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Point in Time Count is for finding those who face uncertainty




Point in Time volunteer Dani Wentz talks to a homeless man while in the background, city of Everett social worker Staci McCole (red coat) works with another homeless person near the intersection on Highway 526 and Evergreen Way on Everett’s south side. Hundreds of people answered surveys in this year’s Point in Time Homeless Count Tuesday, Jan. 24.

EVERETT — “I’m a miracle,” said Toni Curtiss, who is one of the hundreds of struggling but surviving individuals which volunteer surveyors ran into during last week’s annual Point in Time Count of homeless people.
More than 60 volunteers in Everett, and dozens of others throughout Snohomish County, set out at 8 a.m. in the frigid, foggy morning, from bases in Arlington, Everett, Lynnwood and Monroe.
Curtiss was one of the first women surveyors encountered. She wore cable knit grey slippers she said she had just found, before turning to the more serious topics of the survey. She was asked about what caused her homelessness, if she suffered any mental or physical disabilities, and lots of demographic information.
Curtiss answered softly to having cervical cancer, fibromyalgia,
PTSD, depression, anxiety and bipolar disorder. She attributed her prior six years of homelessness, on and off, to drug addiction, but smiled in triumph when she said she was now in transitional housing and had been drug-free for a year and a half.
The federally mandated, nation-wide count helps determine fund-ing amounts for homeless services and how they are distributed, including to programs like the one that helped Curtiss find housing.
The one-day snapshot is just a snapshot, but helps take a picture
of how many people are out there. Many declined to be surveyed.
Volunteers combed parks, underpasses, streets and trails to provide the needed data. Police escorts teamed with volunteers to complete surveys at known homeless encampments, and emergency shelters likewise provided tallies of those who used their services.
This year organizers focused on improving data accuracy and determining a baseline number of homeless youth.
The U.S. Department of Housing and Urban Development is undertaking a concerted effort to end youth homelessness, said Robin Hood of the Snohomish County Office of Housing and Community Services.
Cocoon House, a homeless youth nonprofit, hosted a special event and did extra outreach to ensure as many homeless individuals younger than 25 were counted.
Volunteer Penni Carter understood the survey from both vantage points, giver and taker. She was on loan from Lutheran Community Services where she works and has an internship concurrent with her social services studies at Edmonds Community College.
“Now, I’m a mom and a grandmother with a wonder-ful life,” Carter said.
But before the academic and professional accomp-lishments, Carter still vividly remembered the three months spent homeless as a new mother during another freezing winter.
While she had come a long way over the years, many of the homeless people were far from achieving her stability.
Survey recipient James Wlos said it was impossible to succeed despite his efforts to work as a truck driver.
“I’m not a drunk, a derelict or shooting drugs.” Wlos complained that “the more counting (agencies) do, the more tickets (police) write,” as he opened a manila folder revealing two recent citations.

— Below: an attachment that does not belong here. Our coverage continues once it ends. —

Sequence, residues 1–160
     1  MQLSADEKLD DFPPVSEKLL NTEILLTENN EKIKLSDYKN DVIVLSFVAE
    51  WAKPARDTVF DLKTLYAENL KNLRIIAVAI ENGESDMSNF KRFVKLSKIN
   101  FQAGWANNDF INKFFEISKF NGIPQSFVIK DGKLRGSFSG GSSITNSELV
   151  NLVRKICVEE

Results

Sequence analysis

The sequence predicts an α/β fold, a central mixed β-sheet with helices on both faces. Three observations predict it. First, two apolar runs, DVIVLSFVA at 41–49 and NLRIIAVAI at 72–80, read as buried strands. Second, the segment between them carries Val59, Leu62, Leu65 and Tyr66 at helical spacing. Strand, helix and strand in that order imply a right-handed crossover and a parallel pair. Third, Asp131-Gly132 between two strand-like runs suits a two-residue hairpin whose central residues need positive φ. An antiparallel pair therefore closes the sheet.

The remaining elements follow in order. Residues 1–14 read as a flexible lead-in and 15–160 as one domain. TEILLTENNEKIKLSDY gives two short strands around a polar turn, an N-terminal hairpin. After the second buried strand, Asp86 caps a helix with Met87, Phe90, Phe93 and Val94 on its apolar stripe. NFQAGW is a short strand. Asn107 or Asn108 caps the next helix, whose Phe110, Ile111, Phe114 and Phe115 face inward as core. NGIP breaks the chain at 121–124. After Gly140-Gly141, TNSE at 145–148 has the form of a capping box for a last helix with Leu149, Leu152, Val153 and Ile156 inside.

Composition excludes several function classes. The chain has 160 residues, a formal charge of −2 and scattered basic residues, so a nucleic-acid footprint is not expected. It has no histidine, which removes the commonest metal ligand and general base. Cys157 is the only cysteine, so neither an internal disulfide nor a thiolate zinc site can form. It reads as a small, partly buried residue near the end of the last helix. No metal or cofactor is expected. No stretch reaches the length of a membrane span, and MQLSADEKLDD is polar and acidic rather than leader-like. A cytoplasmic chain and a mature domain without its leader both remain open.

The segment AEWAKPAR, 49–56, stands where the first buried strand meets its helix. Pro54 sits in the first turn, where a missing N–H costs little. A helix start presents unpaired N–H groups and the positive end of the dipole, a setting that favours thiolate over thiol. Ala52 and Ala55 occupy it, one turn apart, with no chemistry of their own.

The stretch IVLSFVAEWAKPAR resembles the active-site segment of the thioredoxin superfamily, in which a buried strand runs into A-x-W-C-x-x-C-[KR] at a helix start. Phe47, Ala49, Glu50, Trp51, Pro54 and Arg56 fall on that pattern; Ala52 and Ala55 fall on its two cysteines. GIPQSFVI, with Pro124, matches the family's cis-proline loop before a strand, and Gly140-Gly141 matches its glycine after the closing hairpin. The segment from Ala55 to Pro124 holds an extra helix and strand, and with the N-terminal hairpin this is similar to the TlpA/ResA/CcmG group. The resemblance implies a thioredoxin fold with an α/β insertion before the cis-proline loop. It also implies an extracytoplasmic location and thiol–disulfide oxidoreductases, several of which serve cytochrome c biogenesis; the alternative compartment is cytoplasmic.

The 2017 count figures were not available at press time as they should be released this week, but past numbers show overcoming homeless
is a formidable challenge. In 2016 the county found the number of homeless people surveyed rose nearly 23 percent, from 966 in 2015 to 1,188.
The number included those with no shelter, those in emergency shelters or transitional housing and the precariously housed, sometimes called couch-surfers. Survey participants ranged in age from 6 weeks to 90 years, including 68 children and 69 veterans. Surveyors found 471 of the 1,188 were unsheltered, meaning they had spent the prior night outdoors, in vehicles or abandoned buildings.
Everett count coordinator Danielle Robadey explained to volunteers that the count would only provide a snapshot, not a comprehensive census.
There were several notable exclusions. Surveyors were instructed not to count anyone who declined to take the survey. The survey did not record those in public spaces like libraries, or on transit. Counters also omitted people they did not ask, whether because they felt unsafe approaching, were unsure if the person might be homeless, or missed a person among a group as individuals left churches or other service centers.
Results are most useful for observing trends rather than ascertaining an exact total, Hood, of the county’s human services department, said. Hood added that many factors could affect results, from the number of volunteers to the severity of the weather.
In addition to collecting data, agencies also distributed tangible signs of caring.
At the Salvation Army, volunteers served pastries and coffee, followed by chicken soup for lunch. They kept vibrant fleece blankets and coats stacked nearby, at the ready for those who needed a little help warming up, paired with winter kits including items like hand warmers and socks. There were special information packets for veterans and opportunities to get connected to health care and housing resources.
While the goal of the count is to combat homelessness, mitigating it with supplies and services and eradicating it with funding for
treatment and housing, Curtiss underscored just how difficult that is.
Homeless people “feel like there is no end to misery, very little baby steps seem tremendously hard,” she said. It was hard, Curtiss said, to have hope, but it was a quality that she and the volunteers and agencies who conducted the count shared.

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